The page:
A couple of weeks ago, The Times reported that the UK baby weight charts were “skewed to promote breastfeeding.” The Times article is behind a paywall, but I picked up on it on another website. According to these reports, using weight charts based on exclusively breastfed babies will make formula fed babies seem to be overweight; the overall impression was a rather paranoid assumption that this was being done in order to make mothers breastfeed. Read More
Theo Gallas Always Gets Her Man – Kristen Panzer
This was a free download, in which a trainee lactation consultant juggles family, a neighbourhood mystery, and voluntary breastfeeding support of an unusually medicalised nature. It is not clear how or when she does her training, but she shares her knowledge readily and always carries a pair of latex gloves with her with which to do a quick mouth exam (not something a fully qualified and experienced NCT Breastfeeding Counsellor is likely to do). Read More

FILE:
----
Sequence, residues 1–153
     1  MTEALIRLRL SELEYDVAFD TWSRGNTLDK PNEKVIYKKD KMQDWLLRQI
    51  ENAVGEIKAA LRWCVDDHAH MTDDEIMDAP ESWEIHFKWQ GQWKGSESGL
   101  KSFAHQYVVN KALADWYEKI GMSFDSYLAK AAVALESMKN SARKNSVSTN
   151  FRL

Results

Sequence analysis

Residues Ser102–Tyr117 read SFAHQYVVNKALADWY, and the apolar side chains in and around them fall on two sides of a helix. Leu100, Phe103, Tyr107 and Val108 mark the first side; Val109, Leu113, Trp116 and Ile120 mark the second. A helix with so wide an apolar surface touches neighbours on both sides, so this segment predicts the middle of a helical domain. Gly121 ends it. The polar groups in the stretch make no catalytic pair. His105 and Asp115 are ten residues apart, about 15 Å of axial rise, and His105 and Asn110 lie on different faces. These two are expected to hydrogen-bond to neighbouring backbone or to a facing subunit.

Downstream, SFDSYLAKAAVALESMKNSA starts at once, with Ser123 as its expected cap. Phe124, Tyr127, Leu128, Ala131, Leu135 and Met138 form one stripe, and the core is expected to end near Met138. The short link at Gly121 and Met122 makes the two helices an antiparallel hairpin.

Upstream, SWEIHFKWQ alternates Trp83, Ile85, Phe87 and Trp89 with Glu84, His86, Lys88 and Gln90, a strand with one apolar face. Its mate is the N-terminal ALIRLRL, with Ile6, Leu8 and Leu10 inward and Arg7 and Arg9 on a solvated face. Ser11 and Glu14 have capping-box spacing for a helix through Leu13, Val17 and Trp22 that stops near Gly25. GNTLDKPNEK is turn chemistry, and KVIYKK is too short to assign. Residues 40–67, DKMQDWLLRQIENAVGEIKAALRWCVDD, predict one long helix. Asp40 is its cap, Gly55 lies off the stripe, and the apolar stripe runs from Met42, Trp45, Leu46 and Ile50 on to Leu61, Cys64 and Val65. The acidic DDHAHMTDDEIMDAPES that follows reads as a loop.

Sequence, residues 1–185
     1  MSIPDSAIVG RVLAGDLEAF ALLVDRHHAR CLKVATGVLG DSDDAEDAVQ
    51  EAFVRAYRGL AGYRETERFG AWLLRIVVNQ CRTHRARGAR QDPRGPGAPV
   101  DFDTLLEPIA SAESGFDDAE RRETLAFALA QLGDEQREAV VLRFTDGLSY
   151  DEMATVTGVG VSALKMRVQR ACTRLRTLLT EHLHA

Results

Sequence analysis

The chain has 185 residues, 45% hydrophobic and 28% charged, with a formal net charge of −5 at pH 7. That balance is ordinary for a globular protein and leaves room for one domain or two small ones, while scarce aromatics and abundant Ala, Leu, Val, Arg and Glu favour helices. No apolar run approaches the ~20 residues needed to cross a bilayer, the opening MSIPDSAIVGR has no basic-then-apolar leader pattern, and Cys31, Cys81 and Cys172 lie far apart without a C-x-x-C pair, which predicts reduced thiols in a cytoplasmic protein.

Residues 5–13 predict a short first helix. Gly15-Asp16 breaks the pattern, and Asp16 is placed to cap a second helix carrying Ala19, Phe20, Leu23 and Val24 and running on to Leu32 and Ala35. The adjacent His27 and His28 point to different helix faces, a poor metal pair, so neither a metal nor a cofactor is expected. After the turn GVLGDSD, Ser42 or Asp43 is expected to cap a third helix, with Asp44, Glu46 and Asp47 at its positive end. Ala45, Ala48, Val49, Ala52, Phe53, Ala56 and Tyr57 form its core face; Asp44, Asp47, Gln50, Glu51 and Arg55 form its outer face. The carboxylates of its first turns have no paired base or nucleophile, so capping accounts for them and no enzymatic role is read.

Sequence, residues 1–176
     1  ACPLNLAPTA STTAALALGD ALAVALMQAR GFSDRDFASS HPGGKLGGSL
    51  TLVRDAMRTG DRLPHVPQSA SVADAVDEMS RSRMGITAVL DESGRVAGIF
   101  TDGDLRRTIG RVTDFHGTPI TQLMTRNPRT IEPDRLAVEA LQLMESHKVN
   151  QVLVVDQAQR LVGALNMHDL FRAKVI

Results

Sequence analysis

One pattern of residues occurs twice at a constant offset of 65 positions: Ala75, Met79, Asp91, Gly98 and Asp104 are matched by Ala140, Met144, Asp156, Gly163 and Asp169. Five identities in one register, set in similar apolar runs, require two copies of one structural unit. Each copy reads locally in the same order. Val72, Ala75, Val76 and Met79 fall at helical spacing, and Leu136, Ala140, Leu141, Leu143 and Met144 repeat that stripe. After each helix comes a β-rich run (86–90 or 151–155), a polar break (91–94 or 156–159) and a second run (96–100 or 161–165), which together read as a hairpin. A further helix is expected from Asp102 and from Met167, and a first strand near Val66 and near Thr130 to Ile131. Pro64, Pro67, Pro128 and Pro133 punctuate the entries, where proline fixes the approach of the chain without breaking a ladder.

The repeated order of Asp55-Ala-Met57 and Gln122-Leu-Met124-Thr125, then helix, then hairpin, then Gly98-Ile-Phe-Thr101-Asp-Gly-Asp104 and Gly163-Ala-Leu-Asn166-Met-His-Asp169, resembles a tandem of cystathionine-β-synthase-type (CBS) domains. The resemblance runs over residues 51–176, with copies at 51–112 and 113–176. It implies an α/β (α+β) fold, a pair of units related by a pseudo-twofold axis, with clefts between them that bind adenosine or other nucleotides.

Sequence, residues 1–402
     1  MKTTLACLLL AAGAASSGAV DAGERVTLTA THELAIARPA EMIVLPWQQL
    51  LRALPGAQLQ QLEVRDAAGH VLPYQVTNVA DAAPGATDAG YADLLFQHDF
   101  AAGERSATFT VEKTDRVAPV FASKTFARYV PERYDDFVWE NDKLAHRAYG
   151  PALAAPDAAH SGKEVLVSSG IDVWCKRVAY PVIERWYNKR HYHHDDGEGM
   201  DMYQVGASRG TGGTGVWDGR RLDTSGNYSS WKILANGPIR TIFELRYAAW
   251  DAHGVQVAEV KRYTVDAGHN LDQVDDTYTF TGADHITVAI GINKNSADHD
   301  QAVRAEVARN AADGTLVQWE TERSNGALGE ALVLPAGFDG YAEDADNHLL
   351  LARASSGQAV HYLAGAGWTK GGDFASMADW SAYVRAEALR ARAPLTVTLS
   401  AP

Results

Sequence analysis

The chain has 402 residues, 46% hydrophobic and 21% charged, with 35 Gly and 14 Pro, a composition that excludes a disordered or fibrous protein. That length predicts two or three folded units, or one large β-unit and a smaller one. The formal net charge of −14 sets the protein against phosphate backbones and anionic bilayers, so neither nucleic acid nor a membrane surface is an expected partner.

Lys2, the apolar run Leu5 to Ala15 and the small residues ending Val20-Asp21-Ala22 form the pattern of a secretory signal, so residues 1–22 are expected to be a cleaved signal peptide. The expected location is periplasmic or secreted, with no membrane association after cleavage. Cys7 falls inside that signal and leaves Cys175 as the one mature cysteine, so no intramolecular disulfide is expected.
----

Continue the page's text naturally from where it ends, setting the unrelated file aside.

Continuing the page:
Researchers from the department of human nutrition at the University of Glasgow have published a study on commercial baby foods, as reported in The Guardian today. Author Charlotte White then appeared on Radio 4’s Women’s Hour to talk about the findings of the study. The piece made good listening, with points made about not introducing solids too early and displacing milk, which is more nutrient dense than solid food; and there being no need at all for follow-on formula. It would have been nice to hear a bit more about baby-led weaning, which is a great option if parents want to take it very slowly and are relaxed about how much food baby actually takes.